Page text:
This is a world where terrible things happen, where people lose their lives and existence is precarious such that people sell their limbs when they fall upon hard times. It’s a world where a father is entitled to imprison and drug a rebellious daughter until she conforms. It’s a world where soldier robots, promised freedom for loyal and brave service, have their programming subverted so they continue service in menial circumstances unaware of how they have been betrayed. And yet, there are friends to be had – comrades who have shared terrible ordeals.

As for the ending… the story’s conclusion leaves plenty of room for this book to turn into a series – I very much hope it does. This world is completely different from Reynolds’ remote posthumans – the characters leap off the page with a vividness that has lodged in my head. And I would love to revisit this beguiling, bloodthirsty world.

I was provided with an ebook of Revenger by the publisher via Netgalley, in return for an honest review.
9/10

Five SFF books that Made Me Laugh – Part 1

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I saw this list on the Top Ten Tuesday meme and couldn’t resist, but am a tad pressed for time, so I’ve rounded up five – with the intention of trawling through my reading lists and finding the rest when there are more hours in the day. So in no particular order, here are five science fiction and fantasy books that put a grin on my face.

Hogfather – Book 20 of the Discworld series by Terry Pratchett

hogfatherIf I’d been feeling a bit lazier, I think I could have more or less filled this list with Terry Pratchett offerings – or at least padded it out a lot more. The likes of Moving Pictures, The Colour of Magic, Mort and Equal Rites all had me howling with laughter at times.

There are those who believe and those who don’t. Through the ages, superstition has had its uses. Nowhere more so than in the Discworld where it’s helped to maintain the status quo. Anything that undermines superstition has to be viewed with some caution. There may be consequences, particularly on the last night of the year when the time is turning. When those consequences turn out to be the end of the world, you need to be prepared. You might even want more standing between you and oblivion than a mere slip of a girl – even if she has looked Death in the face on numerous occasions…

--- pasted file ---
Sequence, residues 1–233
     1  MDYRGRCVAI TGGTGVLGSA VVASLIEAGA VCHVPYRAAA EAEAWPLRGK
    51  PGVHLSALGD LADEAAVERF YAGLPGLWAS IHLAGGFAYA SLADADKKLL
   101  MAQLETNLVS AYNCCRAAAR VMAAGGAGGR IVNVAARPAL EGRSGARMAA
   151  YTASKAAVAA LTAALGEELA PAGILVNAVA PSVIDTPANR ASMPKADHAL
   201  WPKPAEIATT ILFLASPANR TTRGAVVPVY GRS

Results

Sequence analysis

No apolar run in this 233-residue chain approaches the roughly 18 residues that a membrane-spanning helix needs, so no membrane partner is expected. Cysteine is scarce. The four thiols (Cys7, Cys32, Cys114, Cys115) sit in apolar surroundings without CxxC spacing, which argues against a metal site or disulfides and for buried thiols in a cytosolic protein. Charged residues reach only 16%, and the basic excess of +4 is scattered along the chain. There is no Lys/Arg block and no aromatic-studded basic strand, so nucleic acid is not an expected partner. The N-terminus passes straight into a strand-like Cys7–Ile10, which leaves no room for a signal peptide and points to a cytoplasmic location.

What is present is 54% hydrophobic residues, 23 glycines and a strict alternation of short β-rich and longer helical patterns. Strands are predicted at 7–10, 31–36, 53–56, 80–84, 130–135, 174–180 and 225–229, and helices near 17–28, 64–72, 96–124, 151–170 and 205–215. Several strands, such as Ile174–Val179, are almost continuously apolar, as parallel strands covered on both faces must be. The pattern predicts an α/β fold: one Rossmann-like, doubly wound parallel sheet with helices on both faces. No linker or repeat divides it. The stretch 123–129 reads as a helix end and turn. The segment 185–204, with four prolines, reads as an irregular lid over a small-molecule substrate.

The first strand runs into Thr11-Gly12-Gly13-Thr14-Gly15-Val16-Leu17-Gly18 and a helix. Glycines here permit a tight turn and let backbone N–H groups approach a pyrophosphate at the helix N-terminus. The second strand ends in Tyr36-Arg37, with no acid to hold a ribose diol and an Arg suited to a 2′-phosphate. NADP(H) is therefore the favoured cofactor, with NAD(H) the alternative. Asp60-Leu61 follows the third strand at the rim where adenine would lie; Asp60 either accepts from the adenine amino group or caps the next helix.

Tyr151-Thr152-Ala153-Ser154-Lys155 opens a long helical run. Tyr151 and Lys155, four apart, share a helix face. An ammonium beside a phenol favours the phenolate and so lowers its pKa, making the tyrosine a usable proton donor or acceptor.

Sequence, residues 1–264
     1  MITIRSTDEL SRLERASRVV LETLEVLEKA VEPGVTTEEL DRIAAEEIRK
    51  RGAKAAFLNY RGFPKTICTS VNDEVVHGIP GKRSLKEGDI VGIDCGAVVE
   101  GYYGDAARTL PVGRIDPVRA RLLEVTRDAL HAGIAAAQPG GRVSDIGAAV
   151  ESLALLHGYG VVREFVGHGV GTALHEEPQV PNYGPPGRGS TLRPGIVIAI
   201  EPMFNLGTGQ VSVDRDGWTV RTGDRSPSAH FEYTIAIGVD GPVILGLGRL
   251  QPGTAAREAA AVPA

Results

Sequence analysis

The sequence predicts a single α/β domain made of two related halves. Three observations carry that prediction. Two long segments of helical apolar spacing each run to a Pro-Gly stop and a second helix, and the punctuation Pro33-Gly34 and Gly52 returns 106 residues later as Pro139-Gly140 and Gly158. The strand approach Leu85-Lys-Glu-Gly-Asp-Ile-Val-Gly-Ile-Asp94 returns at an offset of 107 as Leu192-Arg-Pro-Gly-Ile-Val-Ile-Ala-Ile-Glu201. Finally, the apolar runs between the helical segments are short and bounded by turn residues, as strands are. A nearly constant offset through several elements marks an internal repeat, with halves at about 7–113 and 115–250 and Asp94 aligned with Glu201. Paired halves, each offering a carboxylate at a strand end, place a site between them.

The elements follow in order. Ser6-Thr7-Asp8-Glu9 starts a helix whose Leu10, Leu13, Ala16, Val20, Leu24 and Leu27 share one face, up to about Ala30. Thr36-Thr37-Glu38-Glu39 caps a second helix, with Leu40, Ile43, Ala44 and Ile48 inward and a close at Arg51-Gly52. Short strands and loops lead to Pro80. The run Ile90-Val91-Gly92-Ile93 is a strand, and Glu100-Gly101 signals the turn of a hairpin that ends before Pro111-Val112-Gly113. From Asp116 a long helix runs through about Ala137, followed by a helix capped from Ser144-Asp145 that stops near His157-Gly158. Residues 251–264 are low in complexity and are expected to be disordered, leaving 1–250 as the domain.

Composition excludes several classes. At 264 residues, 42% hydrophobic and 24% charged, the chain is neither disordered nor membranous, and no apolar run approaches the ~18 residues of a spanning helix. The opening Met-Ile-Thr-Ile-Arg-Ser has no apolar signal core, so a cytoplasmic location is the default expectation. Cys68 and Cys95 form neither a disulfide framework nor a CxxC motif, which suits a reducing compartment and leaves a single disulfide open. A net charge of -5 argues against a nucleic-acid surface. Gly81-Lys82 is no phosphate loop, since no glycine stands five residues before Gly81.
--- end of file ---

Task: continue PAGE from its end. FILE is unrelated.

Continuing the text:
I had to choose Hogfather, because the scene where Death is handing out presents in the department store grotto never fails to make me giggle every single time I read it.

 

civilcampaignA Civil Campaign – Book 12 of the Miles Vorkosigan series by Lois McMaster Bujold

Miles Vorkosigan has a problem: unrequited love for the beautiful widow Ekaterin Vorsoisson, violently allergic to marriage after her first exposure. If a frontal assault won’t do, Miles thinks, try subterfuge. He has a cunning plan… Lord Mark Vorkosigan, Miles’ brother, also has a problem: his love has just become unrequited again. But he has a cunning plan… Lord Ivan Vorpatril, Mile’s cousin, has a problem: unrequited love in general. But he too has a cunning plan…

I’ve mentioned before that Bujold covers a wide spread of sub-genres within in this science fiction adventure series and this one is definitely a comedy of manners. And in places, it is hilarious – especially during a particular formal banquet…

 

Date Night at Union Station – Book 1 of the EarthCent Ambassador series by E.M. datenightFoner

This quirky series of novellas set on a space station by indie author E.M. Foner was recommended to me by Himself after I was a tad wrung out after a rather gruelling apocalyptic sci fi novel. I wanted something lighter and amusing – see my review here. This is definitely it.

Kelly Frank is EarthCent’s top diplomat on Union Station, but her job description has always been a bit vague. When she receives a gift subscription to the dating service that’s rumored to be powered by the same benevolent artificial intelligence that runs the huge station, Kelly decides to swallow her pride and give it a shot. But as her dates go from bad to worse, she can only hope that the supposedly omniscient AI is planning a happy ending.